Indeed, the United Kingdom has already concluded bilateral agreements with France and other countries: the Treaty of Le Touquet stipulates that an asylum application to a British official carrying out border checks in a French port falls within the competence of France. In March 2020, travel between most European countries was suspended to stop the spread of COVID-19. While the Dublin Regulation was still in force, most transfers between Dublin Member States were suspended from mid-March. One of the objectives of the regulation is to ensure that a person does not make multiple asylum claims in several Dublin Member States. These include the Member States of the EU, Iceland, Norway, Switzerland and Liechtenstein. The United Kingdom is bound by the Dublin Regulation until 31 December 2020. After the end of the transition period, it may therefore be easier to get France and other EU countries to accept the return of asylum seekers from UK territory if contracts are concluded. Conversely, in the absence of such contracts, things may be more difficult. Time will tell which one. We want a close partnership in the future to address the common challenges of asylum and illegal immigration. Section 17 of the European Union (Withdrawal) Act 2018 obliges the government to negotiate an agreement with the EU allowing unaccompanied children of an asylum seeker in the EU to join family members legally residing in the UK, where it is in their best interest.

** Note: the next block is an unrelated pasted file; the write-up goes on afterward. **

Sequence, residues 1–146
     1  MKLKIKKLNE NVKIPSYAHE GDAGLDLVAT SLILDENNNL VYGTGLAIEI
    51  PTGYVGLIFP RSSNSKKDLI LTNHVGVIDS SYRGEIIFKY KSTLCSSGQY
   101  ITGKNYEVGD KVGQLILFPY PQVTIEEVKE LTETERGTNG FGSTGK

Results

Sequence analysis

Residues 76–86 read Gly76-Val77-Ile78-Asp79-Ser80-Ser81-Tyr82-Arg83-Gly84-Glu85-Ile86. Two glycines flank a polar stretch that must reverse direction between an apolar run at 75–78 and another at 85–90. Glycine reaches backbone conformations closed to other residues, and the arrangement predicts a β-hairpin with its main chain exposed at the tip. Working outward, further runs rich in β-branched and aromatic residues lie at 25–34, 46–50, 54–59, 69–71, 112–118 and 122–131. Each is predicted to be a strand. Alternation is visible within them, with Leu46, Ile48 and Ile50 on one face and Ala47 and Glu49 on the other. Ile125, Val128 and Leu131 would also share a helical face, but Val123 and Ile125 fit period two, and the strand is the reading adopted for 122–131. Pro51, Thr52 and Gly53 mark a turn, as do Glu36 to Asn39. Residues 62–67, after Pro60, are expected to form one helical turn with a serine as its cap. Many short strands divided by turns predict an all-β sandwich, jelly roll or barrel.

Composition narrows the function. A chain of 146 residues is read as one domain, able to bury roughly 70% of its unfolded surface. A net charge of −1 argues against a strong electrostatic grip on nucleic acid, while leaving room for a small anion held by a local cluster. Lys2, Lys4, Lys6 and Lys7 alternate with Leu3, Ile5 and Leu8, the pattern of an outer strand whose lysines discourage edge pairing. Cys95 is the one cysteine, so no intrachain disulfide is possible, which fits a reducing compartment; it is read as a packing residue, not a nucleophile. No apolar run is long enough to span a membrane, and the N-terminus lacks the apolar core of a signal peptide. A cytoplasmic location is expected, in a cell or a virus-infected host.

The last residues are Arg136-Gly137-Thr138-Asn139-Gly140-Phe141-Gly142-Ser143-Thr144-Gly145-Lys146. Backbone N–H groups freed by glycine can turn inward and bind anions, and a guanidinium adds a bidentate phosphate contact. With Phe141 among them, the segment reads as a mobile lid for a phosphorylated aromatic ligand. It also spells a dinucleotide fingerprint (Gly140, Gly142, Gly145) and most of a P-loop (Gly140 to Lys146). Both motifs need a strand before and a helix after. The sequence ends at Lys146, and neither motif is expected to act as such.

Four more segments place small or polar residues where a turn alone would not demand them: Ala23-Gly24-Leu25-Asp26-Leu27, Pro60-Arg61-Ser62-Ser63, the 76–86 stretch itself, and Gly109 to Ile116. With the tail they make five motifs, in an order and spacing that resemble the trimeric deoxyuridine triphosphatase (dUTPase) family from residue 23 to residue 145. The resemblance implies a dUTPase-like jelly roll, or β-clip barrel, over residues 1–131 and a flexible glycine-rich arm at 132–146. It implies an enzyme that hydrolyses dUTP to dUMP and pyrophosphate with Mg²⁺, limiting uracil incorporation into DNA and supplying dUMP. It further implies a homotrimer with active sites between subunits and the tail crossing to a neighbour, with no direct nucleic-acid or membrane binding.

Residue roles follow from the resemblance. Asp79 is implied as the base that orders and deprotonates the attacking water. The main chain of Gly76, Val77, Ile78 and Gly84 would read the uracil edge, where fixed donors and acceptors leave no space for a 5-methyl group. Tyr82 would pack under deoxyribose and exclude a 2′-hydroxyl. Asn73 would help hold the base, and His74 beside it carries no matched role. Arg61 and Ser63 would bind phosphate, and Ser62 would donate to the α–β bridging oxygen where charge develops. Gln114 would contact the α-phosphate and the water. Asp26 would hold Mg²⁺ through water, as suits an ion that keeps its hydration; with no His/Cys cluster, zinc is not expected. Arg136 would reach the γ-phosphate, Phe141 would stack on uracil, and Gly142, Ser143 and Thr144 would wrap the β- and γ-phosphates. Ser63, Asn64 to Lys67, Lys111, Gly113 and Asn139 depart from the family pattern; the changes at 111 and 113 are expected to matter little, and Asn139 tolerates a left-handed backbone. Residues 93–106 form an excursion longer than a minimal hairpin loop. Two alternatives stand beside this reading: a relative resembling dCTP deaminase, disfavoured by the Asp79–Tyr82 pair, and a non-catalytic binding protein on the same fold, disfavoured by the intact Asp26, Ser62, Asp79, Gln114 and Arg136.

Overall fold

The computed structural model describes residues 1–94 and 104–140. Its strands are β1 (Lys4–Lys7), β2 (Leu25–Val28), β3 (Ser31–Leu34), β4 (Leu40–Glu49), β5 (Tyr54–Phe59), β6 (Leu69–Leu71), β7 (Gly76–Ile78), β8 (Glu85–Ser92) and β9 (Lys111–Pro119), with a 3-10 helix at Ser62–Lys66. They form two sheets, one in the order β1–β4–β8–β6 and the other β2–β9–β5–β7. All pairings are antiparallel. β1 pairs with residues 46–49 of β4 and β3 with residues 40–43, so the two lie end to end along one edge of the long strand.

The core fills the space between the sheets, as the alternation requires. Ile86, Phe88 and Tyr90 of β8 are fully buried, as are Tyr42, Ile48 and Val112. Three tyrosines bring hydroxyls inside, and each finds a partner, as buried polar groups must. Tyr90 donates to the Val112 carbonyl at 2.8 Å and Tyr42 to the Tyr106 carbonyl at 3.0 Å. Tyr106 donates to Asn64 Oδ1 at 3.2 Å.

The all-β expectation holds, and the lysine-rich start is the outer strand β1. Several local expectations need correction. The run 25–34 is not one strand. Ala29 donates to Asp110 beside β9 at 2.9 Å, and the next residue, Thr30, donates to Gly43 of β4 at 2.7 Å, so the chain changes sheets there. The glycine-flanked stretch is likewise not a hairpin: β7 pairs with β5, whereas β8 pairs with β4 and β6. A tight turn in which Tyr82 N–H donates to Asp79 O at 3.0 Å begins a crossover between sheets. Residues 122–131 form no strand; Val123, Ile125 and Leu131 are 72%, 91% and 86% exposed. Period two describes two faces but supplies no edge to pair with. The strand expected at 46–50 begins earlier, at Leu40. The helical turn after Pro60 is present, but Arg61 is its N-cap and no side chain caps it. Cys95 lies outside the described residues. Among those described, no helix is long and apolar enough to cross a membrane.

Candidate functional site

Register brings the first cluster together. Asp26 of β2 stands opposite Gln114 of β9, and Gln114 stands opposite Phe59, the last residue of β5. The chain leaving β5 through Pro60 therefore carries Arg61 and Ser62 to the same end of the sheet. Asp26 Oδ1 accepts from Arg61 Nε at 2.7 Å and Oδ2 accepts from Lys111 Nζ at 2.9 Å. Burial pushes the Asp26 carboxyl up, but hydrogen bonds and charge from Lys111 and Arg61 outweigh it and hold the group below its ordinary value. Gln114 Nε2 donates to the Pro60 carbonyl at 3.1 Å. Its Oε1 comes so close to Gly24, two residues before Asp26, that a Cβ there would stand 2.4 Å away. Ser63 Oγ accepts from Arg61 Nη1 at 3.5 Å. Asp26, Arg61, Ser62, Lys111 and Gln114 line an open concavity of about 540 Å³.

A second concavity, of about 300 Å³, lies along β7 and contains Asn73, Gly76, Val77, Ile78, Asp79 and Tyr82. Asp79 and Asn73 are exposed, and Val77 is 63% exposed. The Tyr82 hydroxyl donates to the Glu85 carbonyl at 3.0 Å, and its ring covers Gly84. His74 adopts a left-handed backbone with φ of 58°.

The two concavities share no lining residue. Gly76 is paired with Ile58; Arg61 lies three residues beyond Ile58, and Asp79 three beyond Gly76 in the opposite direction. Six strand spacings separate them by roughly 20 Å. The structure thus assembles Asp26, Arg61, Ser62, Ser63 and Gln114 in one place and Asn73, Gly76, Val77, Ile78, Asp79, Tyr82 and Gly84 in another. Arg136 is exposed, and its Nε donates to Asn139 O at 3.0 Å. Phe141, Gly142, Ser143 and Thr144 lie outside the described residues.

This obligation applies regardless of whether we leave the EU with or without an agreement. The implementation of transfers is based on the replacement of an agreement and we are working to negotiate such an agreement as quickly as possible. While the Dublin system assumes that participating countries are “safe”, the jurisprudence of the European Court of Justice and the European Court of Human Rights considers this presumption to be rebuttable, either where there is a systemic problem with a Member State`s asylum system (NS and MSS), or where there are problems for some asylum seekers who pose a real risk of torture or inhuman or degrading treatment (Tarakhel and CK). Under the Dublin Regulation, families and relatives separated from a different European country can be reunited while applying for asylum. Unaccompanied children can apply to join a parent, legal guardian or sibling, aunt, uncle or grandparent living in Europe. Adults may apply to join family members (spouse/partner or children) in another Dublin country if the family member is an asylum seeker or refugee or has received subsidiary protection. In June, travel and border restrictions were lifted across Europe, allowing countries to resume transfers from Dublin. On 24 June 2020, the European Asylum Support Office told InfoMigrants: “Member States have stated that they plan to gradually organise more transfers from Dublin in the coming weeks, taking into account public health and safety measures.” However, the Dublin system is based on the idea that an application should only be considered once by one of the participating countries and, if necessary, sets criteria for determining the country concerned and a process for transferring the persons concerned to that country.